Millions of DWP Universal Credit claimants face £570 cut as cost of living soars


People on Universal Credit face £570 cuts in income as inflation soars amid the UK’s cost of living crisis.

The latest figures from the DWP show two million families receiving Universal Credit in November, including 201,238 families in the West Midlands.

But with DWP benefits set to rise by 3.1% in April, while inflation is expected to peak at 7.25%, most of these families face a reduction in real terms of around £570 a year from social security assistance, activists warned.

For the 180,000 families subject to the benefit cap – a limit on how much a household can receive in state payments – the loss will be even greater.

READ MORE: West Midlands families choose between food and bills as cost of living crisis hits

The Child Poverty Action Group (CPAG) said families under UC will be hit hard as supermarket prices and energy costs rise.

He is calling for a 7 percent increase in Social Security payments in April to match the expected rate of inflation.

And to ensure the increase reaches all families who need it, the charity wants the cap on benefits removed.

The benefit cap is currently £1,916.67 per month (or £23,000 per year) in Greater London for couples (with or without children) or single claimants with one child of qualifying age, and 1 284.17 (or £15,410 per year) for single adult households without children in the same neighbourhood.

For the rest of the UK, the corresponding amounts are £1,666.67 per month (£20,000 per year) and £1,116.67 per month (£13,400 per year) respectively.

Alison Garnham, chief executive of Child Poverty Action Group, said: “Families behind today’s numbers have no shelter from the storm. They are facing even higher prices and reduced in real terms of social security support.

“Unless the government takes action, the children of these families will feel the pinch, as parents are forced to cut food, heating and basic necessities even further. inflation expected this spring is the minimum protection needed and would send a signal to desperately worried families that they have not been forgotten.”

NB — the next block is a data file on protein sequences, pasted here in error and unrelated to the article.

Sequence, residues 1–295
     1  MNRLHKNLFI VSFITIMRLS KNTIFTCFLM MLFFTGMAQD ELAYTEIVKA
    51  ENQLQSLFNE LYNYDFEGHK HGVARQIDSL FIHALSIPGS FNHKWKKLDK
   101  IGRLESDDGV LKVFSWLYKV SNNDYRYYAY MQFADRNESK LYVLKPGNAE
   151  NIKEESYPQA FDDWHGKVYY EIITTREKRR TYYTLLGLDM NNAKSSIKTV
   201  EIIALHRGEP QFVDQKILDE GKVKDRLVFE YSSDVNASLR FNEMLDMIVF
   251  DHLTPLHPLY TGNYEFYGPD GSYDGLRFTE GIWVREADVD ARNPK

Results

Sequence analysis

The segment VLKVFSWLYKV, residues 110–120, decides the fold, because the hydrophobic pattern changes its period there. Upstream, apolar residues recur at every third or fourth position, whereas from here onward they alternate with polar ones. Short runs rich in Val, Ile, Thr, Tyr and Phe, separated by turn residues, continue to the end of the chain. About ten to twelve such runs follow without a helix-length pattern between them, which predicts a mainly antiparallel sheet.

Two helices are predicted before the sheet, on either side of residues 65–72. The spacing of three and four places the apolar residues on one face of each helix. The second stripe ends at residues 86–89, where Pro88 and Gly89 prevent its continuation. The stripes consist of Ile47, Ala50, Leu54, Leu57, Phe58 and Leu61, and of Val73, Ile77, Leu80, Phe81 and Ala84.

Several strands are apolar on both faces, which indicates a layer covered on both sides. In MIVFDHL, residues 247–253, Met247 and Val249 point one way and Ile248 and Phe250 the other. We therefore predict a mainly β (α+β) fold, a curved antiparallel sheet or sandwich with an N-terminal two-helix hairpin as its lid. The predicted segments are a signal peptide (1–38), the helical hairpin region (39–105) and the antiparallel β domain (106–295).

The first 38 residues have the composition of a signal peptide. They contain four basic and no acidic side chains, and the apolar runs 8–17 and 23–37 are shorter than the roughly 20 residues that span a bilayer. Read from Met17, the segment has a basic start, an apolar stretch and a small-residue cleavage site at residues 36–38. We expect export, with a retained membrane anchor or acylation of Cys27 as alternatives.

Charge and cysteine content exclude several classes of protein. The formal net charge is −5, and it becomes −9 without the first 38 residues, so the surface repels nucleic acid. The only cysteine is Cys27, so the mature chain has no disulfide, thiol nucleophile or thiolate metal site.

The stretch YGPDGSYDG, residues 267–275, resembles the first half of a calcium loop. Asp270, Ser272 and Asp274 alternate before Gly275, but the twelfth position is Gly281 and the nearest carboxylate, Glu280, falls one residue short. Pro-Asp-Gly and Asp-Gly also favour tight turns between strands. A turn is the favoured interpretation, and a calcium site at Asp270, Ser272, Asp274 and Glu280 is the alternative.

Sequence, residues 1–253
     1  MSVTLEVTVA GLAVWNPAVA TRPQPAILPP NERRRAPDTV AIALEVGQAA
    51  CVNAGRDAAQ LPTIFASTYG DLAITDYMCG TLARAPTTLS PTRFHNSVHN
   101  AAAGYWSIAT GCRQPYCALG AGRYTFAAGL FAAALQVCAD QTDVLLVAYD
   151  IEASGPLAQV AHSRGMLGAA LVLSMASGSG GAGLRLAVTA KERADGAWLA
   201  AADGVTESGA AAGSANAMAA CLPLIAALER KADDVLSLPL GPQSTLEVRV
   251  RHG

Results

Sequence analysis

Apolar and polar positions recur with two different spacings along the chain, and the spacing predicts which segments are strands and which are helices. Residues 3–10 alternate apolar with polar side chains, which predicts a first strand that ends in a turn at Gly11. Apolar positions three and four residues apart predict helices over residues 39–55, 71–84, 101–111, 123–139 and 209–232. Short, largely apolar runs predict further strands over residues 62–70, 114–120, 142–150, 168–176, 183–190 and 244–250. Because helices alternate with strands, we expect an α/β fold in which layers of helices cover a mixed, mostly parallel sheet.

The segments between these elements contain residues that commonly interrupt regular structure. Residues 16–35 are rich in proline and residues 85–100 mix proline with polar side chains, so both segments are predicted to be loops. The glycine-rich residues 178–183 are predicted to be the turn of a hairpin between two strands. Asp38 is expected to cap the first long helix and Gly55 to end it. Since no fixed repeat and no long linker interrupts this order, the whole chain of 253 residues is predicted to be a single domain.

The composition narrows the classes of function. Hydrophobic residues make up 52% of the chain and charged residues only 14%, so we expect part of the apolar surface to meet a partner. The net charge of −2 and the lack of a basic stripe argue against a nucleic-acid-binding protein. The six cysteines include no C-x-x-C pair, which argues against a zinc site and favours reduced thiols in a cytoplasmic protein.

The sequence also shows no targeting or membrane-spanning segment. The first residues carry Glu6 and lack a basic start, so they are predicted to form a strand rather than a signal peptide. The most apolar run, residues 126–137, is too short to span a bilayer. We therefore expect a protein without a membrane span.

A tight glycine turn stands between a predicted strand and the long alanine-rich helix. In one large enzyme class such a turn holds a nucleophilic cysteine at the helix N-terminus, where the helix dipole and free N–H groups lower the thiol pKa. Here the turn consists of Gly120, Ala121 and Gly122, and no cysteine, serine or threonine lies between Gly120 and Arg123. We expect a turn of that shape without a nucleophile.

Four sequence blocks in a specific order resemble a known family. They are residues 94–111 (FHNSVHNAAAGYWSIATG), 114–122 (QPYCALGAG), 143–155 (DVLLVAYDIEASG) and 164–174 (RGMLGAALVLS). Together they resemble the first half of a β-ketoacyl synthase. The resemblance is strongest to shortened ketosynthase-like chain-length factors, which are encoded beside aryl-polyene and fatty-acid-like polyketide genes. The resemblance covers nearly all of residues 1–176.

She added that most of those affected by the benefit cap are families with children (83%) – often in areas with high housing costs – and that most of them (63%) are headed by a single parent, more than half of whom have at least one child under the age of five. It is particularly difficult for single parents with very young children to escape the ceiling by working (or working more), the CPAG said.

The level of the benefit cap has not been revised since 2016, so the shortfall in Social Security support that capped families receive, relative to what they need, has increased accordingly.

This spring, food costs alone are expected to be £26 a month more than last year for poor families with children, according to CPAG analysis.

And with energy bills set to rise by 54% in April, CPAG says families with children below the poverty line face £35 a month in extra energy costs, even after taking into account the new measures government mitigation.

READ MORE: DWP Universal Credit under attack as payments ‘inadequate’ for rising energy bills

In addition, these families would have to devote three times the share of their income to energy, compared to wealthier families (respectively 17% and 5% of disposable income after housing costs).

New government measures to help households with energy costs include: a refundable £200 rebate on energy bills for all households, a £150 council tax rebate in April for people living in properties in the AD strip and £150m for local authorities to use as discretionary support. for low-income households.

A DWP spokesman said the benefit cap “ensures fairness for hard-working taxpayer households and a strong incentive to work, while providing a much-needed safety net”.

He added: “Through our Jobs Plan, we are helping people find jobs, progress and earn more.

“Returning to work will significantly increase the likelihood that a household will not be affected by the cap.”

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